When my wife and I moved into our little house in Bolton, I’d never really done any gardening. To me the winter months were a lovely respite from having to worry about the horsetail, dandelions and overgrown borders taking control out of my window.
Each Saturday morning I’d stare out of the kitchen window and feel nothing but anxiety about the pressure of having to go outside and clear the space. Yardwork was a horror for me, something which stayed in the back of my mind, driving me mad with its necessity. Amongst all of my other obligations with work, this was something that I felt I had to do, and it always felt like something I could just deal with tomorrow. Like so many unwashed dishes, my yard was just another can I could kick down the road for tomorrow to pick up.
Over the next few years it remained the same. I had this outside space which I’d occasionally kick into shape so that we could host a barbecue without it being a shameful experience. Again - I had too many things in my life to think about all at once to worry about gardening for god’s sake. Too many challenges at work, things to learn and problems to solve. Too many long days, too many hours on the train travelling across the country.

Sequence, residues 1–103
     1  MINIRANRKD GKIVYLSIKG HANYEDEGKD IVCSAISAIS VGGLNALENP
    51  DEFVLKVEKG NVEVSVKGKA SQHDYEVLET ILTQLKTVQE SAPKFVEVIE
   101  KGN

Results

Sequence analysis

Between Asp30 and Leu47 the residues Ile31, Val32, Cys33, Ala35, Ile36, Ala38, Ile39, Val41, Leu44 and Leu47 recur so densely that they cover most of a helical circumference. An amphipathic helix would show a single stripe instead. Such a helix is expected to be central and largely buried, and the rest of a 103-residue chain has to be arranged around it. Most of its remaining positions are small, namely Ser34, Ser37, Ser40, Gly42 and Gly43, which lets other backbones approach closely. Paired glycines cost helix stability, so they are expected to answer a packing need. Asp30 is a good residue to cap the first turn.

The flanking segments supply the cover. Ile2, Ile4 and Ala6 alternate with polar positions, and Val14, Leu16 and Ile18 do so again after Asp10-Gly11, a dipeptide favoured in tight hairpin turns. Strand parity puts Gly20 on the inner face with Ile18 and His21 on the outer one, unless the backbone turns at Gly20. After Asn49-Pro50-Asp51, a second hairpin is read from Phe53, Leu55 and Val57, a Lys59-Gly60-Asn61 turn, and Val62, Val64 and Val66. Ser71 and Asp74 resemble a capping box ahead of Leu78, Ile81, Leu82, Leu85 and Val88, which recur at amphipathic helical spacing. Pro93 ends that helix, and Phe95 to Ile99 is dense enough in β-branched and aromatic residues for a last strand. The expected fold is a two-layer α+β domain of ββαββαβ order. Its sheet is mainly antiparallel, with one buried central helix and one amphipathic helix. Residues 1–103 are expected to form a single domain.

The weeds took hold. The borders grassed over. The dandelions turned to clocks and bedded themselves in. The buddleia sprang up and dominated the sky.
And then society stopped. My home became my office, and our world shrunk almost overnight. I had nowhere to go and nowhere to be. When I looked out the window over my morning coffee that first April of lockdown, I saw potential for the first time. I recognised that I’d overlooked something in my life that could be tended and made beautiful. I bought gardening gloves.
Now none of this is new information. Social and horticultural therapy is a well-known approach for treating PTSD and dementia. It actively lowers stress and improves physical and mental well-being. During the lockdowns of 2020/21, my little garden became a refuge for my thoughts. I could look at my yard after an hour or two’s graft and be filled with a sense of accomplishment. Of peace.
But the lockdowns have lifted once more. Society has moved on. Folks are getting back to offices and the world is returning to that same, pre-pandemic pace.
But my garden is no longer thick with weeds. I’ve pulled up all the horsetail, and I won’t let the dandelions turn to clocks again.